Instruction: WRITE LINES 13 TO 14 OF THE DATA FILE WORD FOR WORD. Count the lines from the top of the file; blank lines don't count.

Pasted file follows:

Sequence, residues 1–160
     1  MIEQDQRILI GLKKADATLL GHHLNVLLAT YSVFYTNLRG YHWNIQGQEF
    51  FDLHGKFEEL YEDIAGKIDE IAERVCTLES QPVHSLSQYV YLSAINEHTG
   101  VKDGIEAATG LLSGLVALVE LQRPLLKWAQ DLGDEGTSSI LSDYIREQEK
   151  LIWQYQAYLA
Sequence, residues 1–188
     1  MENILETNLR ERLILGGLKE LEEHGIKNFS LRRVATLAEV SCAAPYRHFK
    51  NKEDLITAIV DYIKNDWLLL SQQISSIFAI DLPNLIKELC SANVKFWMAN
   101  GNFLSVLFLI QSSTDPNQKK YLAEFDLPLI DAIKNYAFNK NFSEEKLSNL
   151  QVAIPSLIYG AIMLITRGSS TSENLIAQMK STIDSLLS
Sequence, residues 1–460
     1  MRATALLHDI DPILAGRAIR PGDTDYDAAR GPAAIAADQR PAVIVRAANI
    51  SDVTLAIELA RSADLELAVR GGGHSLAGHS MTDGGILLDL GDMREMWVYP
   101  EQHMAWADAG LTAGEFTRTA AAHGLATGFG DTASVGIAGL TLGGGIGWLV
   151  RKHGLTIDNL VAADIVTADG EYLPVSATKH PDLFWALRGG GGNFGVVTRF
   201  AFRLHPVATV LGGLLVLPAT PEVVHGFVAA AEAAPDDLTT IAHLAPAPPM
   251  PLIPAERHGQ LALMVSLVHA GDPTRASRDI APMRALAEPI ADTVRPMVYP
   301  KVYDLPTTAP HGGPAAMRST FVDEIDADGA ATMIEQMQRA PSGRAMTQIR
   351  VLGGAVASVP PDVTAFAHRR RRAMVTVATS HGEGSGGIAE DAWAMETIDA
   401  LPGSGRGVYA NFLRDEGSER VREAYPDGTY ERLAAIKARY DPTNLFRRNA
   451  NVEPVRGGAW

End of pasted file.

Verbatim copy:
    51  SDVTLAIELA RSADLELAVR GGGHSLAGHS MTDGGILLDL GDMREMWVYP
   101  EQHMAWADAG LTAGEFTRTA AAHGLATGFG DTASVGIAGL TLGGGIGWLV